Nargun

From Wikipedia, the free encyclopedia
Jump to: navigation, search

According to Gunai/Kurnai tribal legends, the Nargun is a fierce half-human half-stone creature that lived in the Den of Nargun, a cave under a rock overhang behind a small waterfall in the Mitchell River National Park, Victoria, Australia. Aboriginal legend describes the Nargun as a beast that was all stone except for its hands, arms and breast. The fierce creature would drag unwary travellers into its den, and any weapon directed against it would be turned back on its owner.[1]

Den of Nargun[edit]

The Den of Nargun
Deadcock Den
Deadcock Den

The cave where the Nargun lived, called the Den of Nargun, is found on Woolshed Creek, a small tributary of the Mitchell River in the Mitchell River National Park, about one kilometre upstream from where the creek joins the river. The existence of the cave was first recorded by Alfred Howitt.[2] After heavy rainfall, the opening of the cave may be hidden by a waterfall, which has excavated a pool at its base.[2] The den was once rimmed with stalactites, but unfortunately these have been broken off as souvenirs by visitors over the years. Smaller stalactites may still exist inside the cave.

The area is a site of Aboriginal historical importance, and is located on the Batuluk Aboriginal Cultural Trail.[2][3] Stories were told around aboriginal campfires about how the Nargun would abduct children who visited the rockpool. It was said the Nargun could not be harmed with boomerangs or spears, as they would be reflected back to the thrower. These stories served the dual purpose of a cautionary tale to keep children close to the campsite, and away from the sacred cave. The Den of Nargun was considered a special place for women of the Gunai tribe, and in reality was used for women's initiation and learning ceremonies rather than being the lair of any predator.[3]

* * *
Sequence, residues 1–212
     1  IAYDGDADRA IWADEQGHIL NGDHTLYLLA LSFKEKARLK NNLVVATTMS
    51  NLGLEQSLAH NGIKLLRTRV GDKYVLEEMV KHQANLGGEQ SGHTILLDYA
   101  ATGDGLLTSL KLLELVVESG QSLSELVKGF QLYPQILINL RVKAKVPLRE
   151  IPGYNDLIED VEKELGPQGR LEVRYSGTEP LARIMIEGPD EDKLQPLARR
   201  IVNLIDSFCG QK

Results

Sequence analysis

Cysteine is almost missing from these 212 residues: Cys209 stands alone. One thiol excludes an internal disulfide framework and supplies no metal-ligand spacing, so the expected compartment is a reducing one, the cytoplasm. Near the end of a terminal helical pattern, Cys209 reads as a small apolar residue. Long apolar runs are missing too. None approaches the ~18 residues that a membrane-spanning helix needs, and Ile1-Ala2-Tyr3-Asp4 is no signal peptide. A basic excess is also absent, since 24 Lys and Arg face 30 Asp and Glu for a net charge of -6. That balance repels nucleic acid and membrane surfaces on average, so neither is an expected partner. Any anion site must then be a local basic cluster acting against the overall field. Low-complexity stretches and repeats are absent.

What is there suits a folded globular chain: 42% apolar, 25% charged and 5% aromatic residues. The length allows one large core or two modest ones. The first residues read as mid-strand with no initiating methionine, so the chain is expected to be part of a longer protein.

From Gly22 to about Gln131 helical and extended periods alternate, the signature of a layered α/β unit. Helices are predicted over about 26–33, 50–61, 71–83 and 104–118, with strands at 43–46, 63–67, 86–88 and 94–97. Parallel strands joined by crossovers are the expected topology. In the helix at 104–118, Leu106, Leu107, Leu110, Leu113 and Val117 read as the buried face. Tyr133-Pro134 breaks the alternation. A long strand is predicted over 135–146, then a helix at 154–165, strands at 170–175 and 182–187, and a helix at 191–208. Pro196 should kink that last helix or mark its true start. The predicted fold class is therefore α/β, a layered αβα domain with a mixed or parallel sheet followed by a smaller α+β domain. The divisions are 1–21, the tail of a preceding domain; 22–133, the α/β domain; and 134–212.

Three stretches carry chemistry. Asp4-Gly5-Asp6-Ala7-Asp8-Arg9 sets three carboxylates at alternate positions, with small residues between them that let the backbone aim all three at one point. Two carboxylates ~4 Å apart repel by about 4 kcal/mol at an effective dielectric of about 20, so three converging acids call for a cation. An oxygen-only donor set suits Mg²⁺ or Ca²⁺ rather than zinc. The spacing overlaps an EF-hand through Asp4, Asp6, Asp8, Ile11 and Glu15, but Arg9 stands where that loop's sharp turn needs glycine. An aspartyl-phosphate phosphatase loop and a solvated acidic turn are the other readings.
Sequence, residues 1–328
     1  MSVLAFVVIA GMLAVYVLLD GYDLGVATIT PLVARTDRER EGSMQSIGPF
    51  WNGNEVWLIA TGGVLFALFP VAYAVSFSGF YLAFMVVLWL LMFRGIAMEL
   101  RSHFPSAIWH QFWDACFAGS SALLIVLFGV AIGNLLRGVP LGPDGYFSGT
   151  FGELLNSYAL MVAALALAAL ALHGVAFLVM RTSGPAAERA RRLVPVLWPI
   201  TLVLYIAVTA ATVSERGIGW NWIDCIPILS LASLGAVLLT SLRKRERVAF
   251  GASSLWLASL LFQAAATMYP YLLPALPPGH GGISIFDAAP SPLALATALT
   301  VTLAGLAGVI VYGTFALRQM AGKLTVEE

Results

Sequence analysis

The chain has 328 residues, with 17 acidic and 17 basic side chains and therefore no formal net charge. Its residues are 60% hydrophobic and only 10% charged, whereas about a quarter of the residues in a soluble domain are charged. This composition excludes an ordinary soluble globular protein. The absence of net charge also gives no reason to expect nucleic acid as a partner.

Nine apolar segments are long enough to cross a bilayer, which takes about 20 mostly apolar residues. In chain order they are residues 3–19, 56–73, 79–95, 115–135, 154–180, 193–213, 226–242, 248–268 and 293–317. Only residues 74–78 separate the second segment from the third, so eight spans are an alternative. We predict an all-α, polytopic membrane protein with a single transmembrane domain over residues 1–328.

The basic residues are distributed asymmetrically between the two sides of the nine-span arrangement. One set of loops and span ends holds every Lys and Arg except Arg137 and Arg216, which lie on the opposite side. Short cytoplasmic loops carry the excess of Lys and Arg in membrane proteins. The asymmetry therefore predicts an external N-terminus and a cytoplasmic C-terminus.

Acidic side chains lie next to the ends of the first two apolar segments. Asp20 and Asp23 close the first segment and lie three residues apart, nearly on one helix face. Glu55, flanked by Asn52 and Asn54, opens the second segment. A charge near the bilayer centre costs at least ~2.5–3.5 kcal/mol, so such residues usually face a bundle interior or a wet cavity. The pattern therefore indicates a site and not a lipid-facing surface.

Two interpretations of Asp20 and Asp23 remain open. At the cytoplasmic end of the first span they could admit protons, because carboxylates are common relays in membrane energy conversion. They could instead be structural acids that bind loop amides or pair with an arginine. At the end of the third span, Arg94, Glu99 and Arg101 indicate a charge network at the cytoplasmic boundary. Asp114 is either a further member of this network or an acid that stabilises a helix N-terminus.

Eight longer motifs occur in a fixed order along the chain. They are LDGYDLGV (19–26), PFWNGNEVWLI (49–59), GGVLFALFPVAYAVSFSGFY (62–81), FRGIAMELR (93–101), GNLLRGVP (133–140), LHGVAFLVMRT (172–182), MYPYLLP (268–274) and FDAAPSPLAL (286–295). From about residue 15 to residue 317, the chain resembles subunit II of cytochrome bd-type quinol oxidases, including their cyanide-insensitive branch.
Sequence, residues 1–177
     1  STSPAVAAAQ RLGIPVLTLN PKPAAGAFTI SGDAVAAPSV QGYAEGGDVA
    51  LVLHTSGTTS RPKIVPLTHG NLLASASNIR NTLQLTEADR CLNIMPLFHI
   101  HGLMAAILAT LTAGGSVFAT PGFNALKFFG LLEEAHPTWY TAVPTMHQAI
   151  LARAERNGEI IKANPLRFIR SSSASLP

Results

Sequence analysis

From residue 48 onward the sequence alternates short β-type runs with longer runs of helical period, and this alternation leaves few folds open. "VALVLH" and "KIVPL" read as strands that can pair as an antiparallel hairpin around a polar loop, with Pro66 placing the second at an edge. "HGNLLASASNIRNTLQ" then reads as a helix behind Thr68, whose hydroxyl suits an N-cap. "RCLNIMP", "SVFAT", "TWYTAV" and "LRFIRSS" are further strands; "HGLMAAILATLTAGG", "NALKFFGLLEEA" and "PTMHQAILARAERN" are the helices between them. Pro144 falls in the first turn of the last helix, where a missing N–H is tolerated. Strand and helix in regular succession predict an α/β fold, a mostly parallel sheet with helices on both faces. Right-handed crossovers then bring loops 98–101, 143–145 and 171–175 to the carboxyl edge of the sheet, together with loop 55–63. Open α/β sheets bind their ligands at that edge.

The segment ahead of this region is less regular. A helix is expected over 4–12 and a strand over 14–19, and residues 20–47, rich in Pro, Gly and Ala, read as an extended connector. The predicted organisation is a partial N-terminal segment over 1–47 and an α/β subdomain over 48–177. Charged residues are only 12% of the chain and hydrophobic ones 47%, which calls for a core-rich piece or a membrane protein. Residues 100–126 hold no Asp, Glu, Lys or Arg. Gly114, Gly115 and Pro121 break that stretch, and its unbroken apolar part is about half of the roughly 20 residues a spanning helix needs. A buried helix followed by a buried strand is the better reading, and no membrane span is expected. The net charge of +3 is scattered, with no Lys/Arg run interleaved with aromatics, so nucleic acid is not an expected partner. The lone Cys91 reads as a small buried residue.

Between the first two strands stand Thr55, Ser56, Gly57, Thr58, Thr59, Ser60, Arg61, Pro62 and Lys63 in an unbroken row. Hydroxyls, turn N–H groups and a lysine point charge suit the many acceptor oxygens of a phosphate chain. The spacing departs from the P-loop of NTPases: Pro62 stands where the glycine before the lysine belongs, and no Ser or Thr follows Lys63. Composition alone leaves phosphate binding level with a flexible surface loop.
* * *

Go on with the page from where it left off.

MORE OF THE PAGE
A similar, though less well known site, called Deadcock Den is situated on Woolshed Creek downstream from the Den of Nargun, only about 200m from where it joins the Mitchell River. This site was also of great cultural significance to the Gunai people, women in particular.

Literary mentions[edit]

  • In 1974 Australian author Patricia Wrightson wrote an award winning children's novel called The Nargun and the Stars, which was later made into a television series. The plot involved a modern day boy coming to live in a remote Australian valley where he discovers a variety of ancient creatures from the Aboriginal Dreaming. In this story, the Nargun is an indestructible stone being that slowly moves through the valley destroying all in its path. A later Patricia Wrightson story, The Ice Is Coming, suggested there were multiple Narguns.
  • The cave was featured in the book Providence Ponds, written by Stanley Porteus in 1950.[2]
  • The Nargun is also mentioned in a short story called 'The Slaughters of the Bulumwaal Butcher' by Bruce Pascoe, an indigenous author from the Wathaurong Aboriginal Co-operative of southern Victoria. The story is included in the Macquarie PEN Anthology of Aboriginal Literature edited by Anita Heiss and Peter Minter, Allen & Unwin 2008
  • Angus McLean featured the Den of Nargun in his book Lindigo (1866).[2]
  • The Nargun plays a role in Sonya Hartnett's novel The Ghost's Child (2008).
  • The Nargun is one of many aboriginal monsters that feature in the short story The Song of Old Man Bunyip by Richard Freeman in the anthology Bernice Summerfield: Secret Histories (Big Finish Productions 2009)

See also[edit]

References[edit]

  1. ^ "Mitchell River National Park". Parks Victoria. Retrieved 2008-03-16. 
  2. ^ a b c d e Stevens, Alexandra. Images of Gippsland Revisited. Gippstar International. ISBN 978-0-9758082-2-1. 
  3. ^ a b "Sites along the bataluk cultural trail". Maffra Community Resource Center. Retrieved 2008-03-28.